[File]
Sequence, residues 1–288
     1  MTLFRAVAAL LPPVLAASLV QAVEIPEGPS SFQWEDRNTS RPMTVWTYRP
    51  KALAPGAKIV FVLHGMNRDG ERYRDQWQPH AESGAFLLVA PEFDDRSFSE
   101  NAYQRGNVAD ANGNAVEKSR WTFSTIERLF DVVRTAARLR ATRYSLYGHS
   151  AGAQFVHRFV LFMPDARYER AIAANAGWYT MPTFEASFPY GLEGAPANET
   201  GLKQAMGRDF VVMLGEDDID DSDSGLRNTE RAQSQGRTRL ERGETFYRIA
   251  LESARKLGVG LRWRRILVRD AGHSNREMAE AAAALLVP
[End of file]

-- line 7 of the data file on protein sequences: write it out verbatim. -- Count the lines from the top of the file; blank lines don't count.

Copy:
   251  LESARKLGVG LRWRRILVRD AGHSNREMAE AAAALLVP